A fellow gardener once told me, “Plants want to grow.” That is what I saw in every story the film showed. No matter what situation, climate, or location people find themselves in, there is a way to grow food. Why is the “single story” that America has no choice but to rely on industrial agriculture, pesticides, and dangerous factory plants, worth examining? People deserve the right to be shown that this is in fact not the “single” way to grow food. The truth is that countries around the globe have been nourishing their populations for millennia by growing food in harmony with nature, not against her. I believe our current food system has surprisingly little to do with food. This conviction is supported by the definition “food” as well as the values that come in to play when discussing our current, chaotic food system.
Oxford Dictionaries defines food as “any nutritious substance that people or animals eat or drink, or that plants absorb, in order to maintain life and growth.” (1) When you walk in to a grocery store, you may be overwhelmed by the abundance of food that lines the aisles, shelves, bins and refrigerators. But when you take a closer look, how much of it can you honestly claim to maintain life and growth? In the media, research, and news over the past decades there have been increasing reported stories of the harmful effects of our nation’s industrialized food system. Spread of disease in meat factories and mono-cropping, poisoning waterways and oceans with fertilizer run-off, land degradation, overuse of chemical pesticides, and poor conditions for workers; the list goes on and on. These are not the values and dreams America was built upon.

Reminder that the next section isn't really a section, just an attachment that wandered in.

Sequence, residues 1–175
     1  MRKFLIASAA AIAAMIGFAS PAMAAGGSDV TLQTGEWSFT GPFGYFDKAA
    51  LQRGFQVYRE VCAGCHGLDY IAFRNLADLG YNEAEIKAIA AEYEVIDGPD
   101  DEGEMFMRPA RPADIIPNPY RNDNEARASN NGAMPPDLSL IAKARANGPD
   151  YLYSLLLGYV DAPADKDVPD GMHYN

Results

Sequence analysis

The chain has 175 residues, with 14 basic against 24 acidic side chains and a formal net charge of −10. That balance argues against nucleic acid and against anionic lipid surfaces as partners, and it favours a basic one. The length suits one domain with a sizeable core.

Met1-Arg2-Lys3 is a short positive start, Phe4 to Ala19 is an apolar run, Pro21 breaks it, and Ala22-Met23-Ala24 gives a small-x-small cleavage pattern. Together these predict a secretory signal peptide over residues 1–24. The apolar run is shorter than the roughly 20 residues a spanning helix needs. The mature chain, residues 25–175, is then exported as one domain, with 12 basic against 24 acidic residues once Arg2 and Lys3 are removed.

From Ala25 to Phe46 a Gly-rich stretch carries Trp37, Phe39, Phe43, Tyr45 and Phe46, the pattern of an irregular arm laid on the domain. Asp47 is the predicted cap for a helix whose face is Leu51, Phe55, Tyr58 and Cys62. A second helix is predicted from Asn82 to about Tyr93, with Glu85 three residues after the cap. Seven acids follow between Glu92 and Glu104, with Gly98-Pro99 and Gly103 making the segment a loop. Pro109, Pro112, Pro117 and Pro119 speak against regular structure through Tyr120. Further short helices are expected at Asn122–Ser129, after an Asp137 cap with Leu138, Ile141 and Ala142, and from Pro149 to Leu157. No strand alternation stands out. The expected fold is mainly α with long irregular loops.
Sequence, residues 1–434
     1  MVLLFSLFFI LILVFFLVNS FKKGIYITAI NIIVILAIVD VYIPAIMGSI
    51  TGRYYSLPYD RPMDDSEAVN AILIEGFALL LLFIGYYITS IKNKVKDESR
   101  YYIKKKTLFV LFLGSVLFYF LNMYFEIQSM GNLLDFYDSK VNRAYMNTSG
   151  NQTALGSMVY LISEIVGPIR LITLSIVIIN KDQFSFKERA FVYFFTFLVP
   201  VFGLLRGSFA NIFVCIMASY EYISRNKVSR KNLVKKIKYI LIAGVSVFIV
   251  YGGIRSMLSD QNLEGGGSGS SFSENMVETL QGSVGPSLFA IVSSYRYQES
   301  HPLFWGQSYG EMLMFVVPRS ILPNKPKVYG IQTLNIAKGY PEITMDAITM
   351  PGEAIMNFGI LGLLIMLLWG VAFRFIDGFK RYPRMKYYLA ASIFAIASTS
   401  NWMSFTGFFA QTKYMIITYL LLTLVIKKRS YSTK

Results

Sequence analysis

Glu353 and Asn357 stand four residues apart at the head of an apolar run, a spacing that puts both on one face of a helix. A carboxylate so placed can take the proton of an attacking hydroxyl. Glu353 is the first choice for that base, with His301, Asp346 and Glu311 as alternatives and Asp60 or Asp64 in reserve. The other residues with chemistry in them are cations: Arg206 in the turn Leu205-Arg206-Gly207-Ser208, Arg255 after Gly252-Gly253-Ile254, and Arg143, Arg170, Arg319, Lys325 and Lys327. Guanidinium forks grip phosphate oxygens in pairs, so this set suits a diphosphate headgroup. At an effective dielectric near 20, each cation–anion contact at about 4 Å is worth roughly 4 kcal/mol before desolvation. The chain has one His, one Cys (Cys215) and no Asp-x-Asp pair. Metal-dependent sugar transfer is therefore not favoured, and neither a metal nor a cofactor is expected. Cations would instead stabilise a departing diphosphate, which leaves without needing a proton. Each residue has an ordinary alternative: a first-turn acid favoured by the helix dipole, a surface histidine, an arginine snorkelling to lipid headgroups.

So why don’t more Americans grow their own food? I believe it is because many are only exposed to the “single story.” The movement and education on how to grow your own food need to spread. Farmers, hobby gardeners, and average citizens hold a wealth of knowledge passed down through generations and learned from experience. There is an abundance of knowledge about how to grow your own food in any environment you could imagine, but it is not yet effectively shared. The majority of our nation has a scarcity of plant, Earth, and growing knowledge to maintain life and growth. We are distracted from this scarcity by the overwhelming abundance of “food products” available any time of the day, at any time of the year in U.S. supermarkets.
After watching the film Plant This Movie, I was moved by the revolution taking place to grow food in communities, and fight against the “single story” that tells us we, American citizens living in cities and neighborhoods, cannot grow our own food. I hope by exploring the many stories about where our abundance of food can come from, I have persuaded you to try growing your own food, and decrease the scarcity of food-growing knowledge in our country. And the best teacher is experience. You can start small, with a clove of garlic in a pot by your kitchen window or covering some seeds in a dirt patch by your home and watering every now and then. See what happens- you may just grow an abundance of life where there was once barren, empty space.
- “Food.”: Definition of in Oxford Dictionary (British & World English). Oxford University Press, n.d. Web. 16 Jan. 2015. <http://www.oxforddictionaries.com/definition/english/
- Plant This Movie. Dir. Karney Hatch. The International Urban Agriculture Documentary, 2014. Film.